This comic feels like a continuation of The Long Halloween in a lot of ways. The plot is very similar. A guy is killing people on holidays and Batman has to find out who, and at the same time he has to deal with gangsters and mobsters and villainous freaks. The twist is that this time, the killer is killing cops and not mobsters. And then they tacked on a Robin origin story to spice things up.

Batman has to decide which side Catwoman is on and if she’s trustworthy again. He has to fight the Joker again. He has issues with Two-Face again.  The Scarecrow shows up. And Solomon Grundy. And the Calendar Man. And the Riddler. And a few more. It’s easy to mix up plot points between The Long Halloween and this story. It doesn’t feel as much like a continuation as much as a rehash. It’s good, but it’s not as good and nowhere as original. It’s worth reading. It’s not the best Batman story, but it’s one of the better ones.

Critically Rated at 13/17

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The Dark Knight

The Dark Knight is the second film in Christopher Nolan’s Batman trilogy. It’s also the first Batman movie that doesn’t have Batman in the title. There’s your random fact for the day. Christian Bale returns as the Batman/Bruce Wayne, and Aaron Eckhart and Heath Ledger join the cast as Harvey Dent and the Joker. This might be the best comic book movie to date.

Less than a year after the events of Batman Begins, The Batman has become a symbol to the citizens of Gotham, inspiring less-than-qualified Batman wannabes to don Batarmor and fight crime. The different gangs and mobsters are afraid of the Batman. A new villain called the Joker has showed up in Gotham City and he knows how to wreak some havoc. He stages an elaborate bank heist at a mob-controlled bank and the criminal underworld starts to take notice of this wacko with clown makeup.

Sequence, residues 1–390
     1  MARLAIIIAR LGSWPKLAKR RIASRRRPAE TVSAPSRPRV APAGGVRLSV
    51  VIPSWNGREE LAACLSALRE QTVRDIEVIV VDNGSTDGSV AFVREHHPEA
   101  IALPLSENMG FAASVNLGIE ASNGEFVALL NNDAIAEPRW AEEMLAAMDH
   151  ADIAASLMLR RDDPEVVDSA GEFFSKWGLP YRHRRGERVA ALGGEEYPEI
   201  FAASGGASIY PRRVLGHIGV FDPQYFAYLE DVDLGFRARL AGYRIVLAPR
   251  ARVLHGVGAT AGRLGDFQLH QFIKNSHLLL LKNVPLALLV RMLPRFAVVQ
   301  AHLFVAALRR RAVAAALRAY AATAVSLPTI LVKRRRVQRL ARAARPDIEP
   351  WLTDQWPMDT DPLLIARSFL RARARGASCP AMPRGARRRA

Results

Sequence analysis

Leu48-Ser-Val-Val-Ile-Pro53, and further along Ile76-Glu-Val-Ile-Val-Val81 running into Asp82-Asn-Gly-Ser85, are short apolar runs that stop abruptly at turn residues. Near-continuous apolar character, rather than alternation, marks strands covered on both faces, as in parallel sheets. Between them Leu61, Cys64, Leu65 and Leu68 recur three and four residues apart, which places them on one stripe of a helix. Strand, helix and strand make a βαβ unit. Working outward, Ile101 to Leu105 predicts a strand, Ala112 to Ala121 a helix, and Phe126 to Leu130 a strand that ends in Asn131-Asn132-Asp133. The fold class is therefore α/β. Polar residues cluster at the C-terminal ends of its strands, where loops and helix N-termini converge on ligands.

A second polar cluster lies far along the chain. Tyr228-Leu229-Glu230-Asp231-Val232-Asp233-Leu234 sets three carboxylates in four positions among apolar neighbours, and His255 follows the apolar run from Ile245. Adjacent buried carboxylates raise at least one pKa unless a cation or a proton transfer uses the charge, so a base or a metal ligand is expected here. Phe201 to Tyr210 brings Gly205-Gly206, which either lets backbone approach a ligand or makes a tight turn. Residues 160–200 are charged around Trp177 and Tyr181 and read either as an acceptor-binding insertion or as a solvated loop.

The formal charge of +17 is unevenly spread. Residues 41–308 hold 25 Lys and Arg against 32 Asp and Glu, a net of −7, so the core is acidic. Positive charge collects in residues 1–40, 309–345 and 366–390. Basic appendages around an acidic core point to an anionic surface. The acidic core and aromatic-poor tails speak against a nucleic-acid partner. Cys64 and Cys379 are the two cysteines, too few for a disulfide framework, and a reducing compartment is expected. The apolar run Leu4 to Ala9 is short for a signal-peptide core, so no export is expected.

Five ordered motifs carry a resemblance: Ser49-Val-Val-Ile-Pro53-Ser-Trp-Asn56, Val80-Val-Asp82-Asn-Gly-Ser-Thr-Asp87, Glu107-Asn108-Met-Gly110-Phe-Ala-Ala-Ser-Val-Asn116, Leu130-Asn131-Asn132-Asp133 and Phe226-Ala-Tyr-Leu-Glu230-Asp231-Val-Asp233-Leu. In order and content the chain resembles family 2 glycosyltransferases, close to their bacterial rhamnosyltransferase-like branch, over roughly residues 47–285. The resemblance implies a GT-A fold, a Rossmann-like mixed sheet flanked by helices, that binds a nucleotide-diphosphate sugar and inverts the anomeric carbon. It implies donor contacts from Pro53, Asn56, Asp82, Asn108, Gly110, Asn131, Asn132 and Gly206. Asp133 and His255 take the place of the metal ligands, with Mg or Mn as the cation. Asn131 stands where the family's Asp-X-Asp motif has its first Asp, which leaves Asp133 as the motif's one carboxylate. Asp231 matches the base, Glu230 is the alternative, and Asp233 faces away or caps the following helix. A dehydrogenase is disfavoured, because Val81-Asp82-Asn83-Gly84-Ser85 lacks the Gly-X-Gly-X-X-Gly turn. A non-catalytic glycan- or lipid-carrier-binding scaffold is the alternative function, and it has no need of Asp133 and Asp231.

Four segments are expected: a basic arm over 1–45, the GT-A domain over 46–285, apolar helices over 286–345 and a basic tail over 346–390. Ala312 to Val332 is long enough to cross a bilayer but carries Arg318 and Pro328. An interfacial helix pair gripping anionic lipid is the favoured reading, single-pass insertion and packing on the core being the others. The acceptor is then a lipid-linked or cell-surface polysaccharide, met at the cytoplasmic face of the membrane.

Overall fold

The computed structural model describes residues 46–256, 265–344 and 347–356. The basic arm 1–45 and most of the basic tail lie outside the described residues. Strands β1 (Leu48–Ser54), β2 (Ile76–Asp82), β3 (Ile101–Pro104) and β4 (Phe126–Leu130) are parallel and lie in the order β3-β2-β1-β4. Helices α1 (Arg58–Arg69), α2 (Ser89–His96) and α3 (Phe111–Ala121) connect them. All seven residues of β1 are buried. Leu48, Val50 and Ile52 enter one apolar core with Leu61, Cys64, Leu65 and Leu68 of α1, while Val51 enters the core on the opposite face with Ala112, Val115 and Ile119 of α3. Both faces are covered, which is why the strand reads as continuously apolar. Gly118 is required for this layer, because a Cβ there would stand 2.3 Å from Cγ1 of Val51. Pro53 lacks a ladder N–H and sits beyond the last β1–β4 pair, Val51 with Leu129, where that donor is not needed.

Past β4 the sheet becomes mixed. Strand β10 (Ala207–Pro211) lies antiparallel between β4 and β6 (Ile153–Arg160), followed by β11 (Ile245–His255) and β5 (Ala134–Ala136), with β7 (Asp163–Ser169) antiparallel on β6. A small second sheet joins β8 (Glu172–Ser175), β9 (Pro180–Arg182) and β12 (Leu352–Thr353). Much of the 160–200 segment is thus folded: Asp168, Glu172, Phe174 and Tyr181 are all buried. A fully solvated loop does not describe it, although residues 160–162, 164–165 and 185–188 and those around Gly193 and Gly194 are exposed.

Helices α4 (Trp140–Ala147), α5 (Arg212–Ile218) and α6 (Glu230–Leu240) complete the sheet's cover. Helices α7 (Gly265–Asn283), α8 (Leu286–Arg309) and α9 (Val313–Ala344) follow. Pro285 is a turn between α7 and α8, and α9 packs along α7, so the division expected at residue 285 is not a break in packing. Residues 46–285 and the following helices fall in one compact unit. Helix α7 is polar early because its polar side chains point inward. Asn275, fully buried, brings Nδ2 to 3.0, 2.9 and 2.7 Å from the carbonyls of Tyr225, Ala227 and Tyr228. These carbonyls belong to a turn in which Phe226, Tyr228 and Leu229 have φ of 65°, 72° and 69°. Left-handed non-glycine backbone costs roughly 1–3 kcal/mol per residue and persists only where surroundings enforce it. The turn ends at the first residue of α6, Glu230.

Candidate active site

Batman and Lieutenant James Gordon (Gary Oldman) are still having a fun time rounding up mobsters and cleaning up the streets. After one fight involving the Scarecrow (Cillian Murphy) and some vicious dogs, Batman upgrades his Batsuit. Bruce Wayne’s personal life isn’t going so well. The love of his life Rachel Dawson is currently in a relationship with Harvey Dent. And she used to look like Katie Holmes but now she looks like Maggie Gyllenhaal. Times are tough all around. Bruce begins to get over his disdain for Harvey Dent because he realizes that Harvey’s image can save Gotham.

The Joker begins taking over the various mobs one by one. He starts causing more and more chaos. He threatens to kill a civilian each day until Batman reveals his true identity. He targets a judge, the police commissioner and Harvey Dent. The judge and police commissioner both die, but Batman saves Harvey from the Joker. One out of three isn’t too bad but this is saving lives, not baseball.

The Joker does more bad things, like almost killing the mayor, shooting RPGs at Harvey Dent and cop cars, kidnapping Harvey and Rachel and making Batman choose which one to save, and making Harvey Dent go crazy and become Two-Face.

He also blows up a hospital too, because, hey, why not?

Two-Face blames Batman and the newly promoted Commissioner Gordon for ruining his life. He’s ok with the Joker because his coin said he was cool I guess. He’s out for revenge and wants Gordon to feel his pain.

The Joker rigs two ferries with bombs. One ferry is filled with civilians; the other is filled with inmates from Arkham. Each ferry has a detonator to make the other ferry explode and they have a choice to blow up the other ferry first, or both ferries will blow up at midnight. While the ferry occupants are busy philosophizing the morality of murdering others to save themselves, Batman is busy tracking down and then beating up the Joker. Two-Face is busy with trying to ruin Gordon’s life while all this is going on. It’s a very busy climax. There’s a lot going on.